I note that they are currently working only in Burkina Faso in West Africa “Despite its location at the edge of the Sahel the potential for small-scale irrigated agriculture in Burkina Faso is huge. iDE started work in 2011 to create sustainable supply chain for drip irrigation kits and other irrigation technologies, and have already facilitated the sale over 4,000 drip kits to date. The impact has been immediate – by enabling farmers to plant up to three crop cycles a year – agricultural production has significantly improved.”

Burkina Faso Tech Center

Pasted from On June 12, iDE’s newest country program celebrated an important milestone. iDE’s Burkina Faso team was joined by esteemed delegates from the Burkina Faso Ministry of Agriculture at a ceremony to observe the first harvest at the Center of Technology at Yamtenga. Speakers included several key iDE Burkina Faso staff, as well as Abdoulaye Compari from the Ministry of Agriculture, and Paul Bayili, who spoke on behalf of SDC on the importance of the partnership to advancing drip irrigation in the country. The event was attended by representatives of key partners including SDC, AFD, CIDA, GIZ, JICA, UNICEF, Swedish Corporation, FAO, WFP and IFAD. Various NGOs including Self-Help Africa, ACDI/VOCA, SNV, PlanetFinance, and HKI helped us to mark the occasion.

iDE Burkina Country Director Laurent Stravato discussed the organization’s efforts to implement low-cost drip irrigation technologies in a region with severely limited water resources, setting forth three issues which iDE has been working on in Burkina Faso: scaling up drip irrigation in the region, developing innovations to make it more affordable to Burkinabé farmers, and iDE Burkina’s distribution model and the advisory role of twelve farm business advisors currently working in four provinces of the country: Boulkiemdé, Kadiogo, Sanguié, and Yatenga. Ms. Aida Ganaba, head of iDE’s Technology Center, explained in detail the work being done with drip irrigation kits of varying sizes as well various innovative prototypes being tested at the Center, such as a 1000-liter, ferro-cement reservoir, a 150 liter clay jar constructed by local masons, and a wood support system housing a 1,000 liter tank, created by an iDE farm business advisor. iDE Burkina’s Center of Technology was created to serve as a facility where affordable water technologies could be developed, tested, and demonstrated to local farmers. The team faced many challenges in getting the center underway, including poor soil quality, the 400 meter distance from the nearest water source, abundance of plant disease, and a need for system uniformity. Addressing these problems, which are shared by ... (more)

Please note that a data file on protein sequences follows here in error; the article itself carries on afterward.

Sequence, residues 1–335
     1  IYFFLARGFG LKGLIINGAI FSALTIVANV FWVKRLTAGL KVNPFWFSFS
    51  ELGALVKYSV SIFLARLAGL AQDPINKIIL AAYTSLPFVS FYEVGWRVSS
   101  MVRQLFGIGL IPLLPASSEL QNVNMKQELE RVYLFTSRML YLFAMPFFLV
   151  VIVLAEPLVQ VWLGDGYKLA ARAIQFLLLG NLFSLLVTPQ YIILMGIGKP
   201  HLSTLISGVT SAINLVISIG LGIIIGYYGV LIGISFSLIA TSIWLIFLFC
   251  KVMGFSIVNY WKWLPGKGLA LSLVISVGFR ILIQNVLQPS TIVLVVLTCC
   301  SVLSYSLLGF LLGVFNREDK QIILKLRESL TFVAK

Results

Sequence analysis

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Doug Merrey commented on the Practical Action website

There is a growing literature on the actual experiences of smallholders in Africa with drip irrigation kits. This reply format makes it difficult to cite them. For a review of some of the literature go to the IWMI website [ ] and look for Working Paper 162 by Merrey and Langan. There are references there --and the conclusion is very clear this is not an appropriate technology for most smallholders.